I’ve never owned or used a box camera before. To be honest I wouldn’t now unless I had gotten it free with another camera that I did want at the time, and this one sat at the bottom of a box. One of the great things I am finding about blogging is that it does make you get on with things that fall into the category of “one day I will…” and this is one of those!
The camera was made by Houghton-Butcher sometime around 1923 and there seems to have been about three different models that had a lens behind the shutter. That being the case this is just short of 100 years old. This model seems to have been given away by or maybe coupons collected from the John Bull Magazine of the time. Hence the JB in the name maybe?
I love the idea of “Speedy Film”! It’s a simple affair as with all box cameras – it’s a box – holds a film, has a basic meniscus lens behind a shutter that has one speed. This one also has a “time” or B setting as we would now say. It has a wind on – that’s it! I loaded an old roll of FP4 I had lying around and not sure of it’s pedigree. Taped over the window and around the back door with black tape and set off on a walk around the neighbourhood.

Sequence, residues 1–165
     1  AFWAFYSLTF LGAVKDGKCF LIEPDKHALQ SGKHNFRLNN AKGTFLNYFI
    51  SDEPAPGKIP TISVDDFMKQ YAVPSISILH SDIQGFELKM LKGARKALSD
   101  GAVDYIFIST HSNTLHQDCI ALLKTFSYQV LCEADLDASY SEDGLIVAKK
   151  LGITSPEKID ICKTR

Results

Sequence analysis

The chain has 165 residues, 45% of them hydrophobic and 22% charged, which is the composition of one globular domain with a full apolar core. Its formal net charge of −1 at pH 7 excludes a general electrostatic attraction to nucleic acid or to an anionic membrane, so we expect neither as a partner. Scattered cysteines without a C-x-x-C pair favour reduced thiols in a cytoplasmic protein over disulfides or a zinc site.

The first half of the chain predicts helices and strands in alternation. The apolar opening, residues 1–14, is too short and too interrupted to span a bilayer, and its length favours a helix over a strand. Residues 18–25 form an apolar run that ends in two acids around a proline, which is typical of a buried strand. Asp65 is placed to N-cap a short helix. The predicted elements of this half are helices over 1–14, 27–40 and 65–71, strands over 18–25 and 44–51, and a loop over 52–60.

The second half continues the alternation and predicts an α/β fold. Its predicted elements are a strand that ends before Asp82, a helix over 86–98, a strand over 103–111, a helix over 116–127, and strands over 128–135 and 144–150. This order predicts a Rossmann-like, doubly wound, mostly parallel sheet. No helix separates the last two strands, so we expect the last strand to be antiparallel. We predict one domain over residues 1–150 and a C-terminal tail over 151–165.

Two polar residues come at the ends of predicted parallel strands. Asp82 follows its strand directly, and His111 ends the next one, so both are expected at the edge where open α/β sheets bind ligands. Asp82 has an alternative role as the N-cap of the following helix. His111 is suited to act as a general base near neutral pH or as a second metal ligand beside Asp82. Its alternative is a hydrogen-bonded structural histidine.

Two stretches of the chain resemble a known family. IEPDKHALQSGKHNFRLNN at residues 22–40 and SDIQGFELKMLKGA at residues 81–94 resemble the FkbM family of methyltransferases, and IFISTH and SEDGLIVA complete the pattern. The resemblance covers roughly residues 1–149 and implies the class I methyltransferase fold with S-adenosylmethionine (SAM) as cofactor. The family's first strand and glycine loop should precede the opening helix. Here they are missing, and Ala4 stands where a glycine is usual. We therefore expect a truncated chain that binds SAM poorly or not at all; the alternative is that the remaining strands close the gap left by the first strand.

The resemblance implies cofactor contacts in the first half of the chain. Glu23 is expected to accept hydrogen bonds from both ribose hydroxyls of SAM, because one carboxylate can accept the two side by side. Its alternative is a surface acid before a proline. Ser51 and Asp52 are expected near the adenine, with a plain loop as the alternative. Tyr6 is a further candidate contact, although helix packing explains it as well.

I had used a length of paper trimmed to 120 width to determine that I thought about 2 1/2 turns of the winder would be about correct to advance the 6×9 negative to clear ready for the next one – this as it turned out I was not so accurate with that and I got 6 (actually 5 1/2 ) out of the roll instead of 8. The results I got surprised me – much better than I expected!
All photo’s were on FP4 developed in Ilfosol 1+9, 4 1/2 minutes at 20c.
2 thoughts on “JB Ensign”
Great results from that Ensign box. The box cameras are always fun because nearly all of them produce pictures so much better than what might be expected.
Hi Mike! Yes, after my slight disaster with the VPK I wasn’t hopeful, but then I was surprised by the results, especially the detail in the pub image. That said anything that produces a 6×9 negative ought to be reasonable!! Cheers – Andy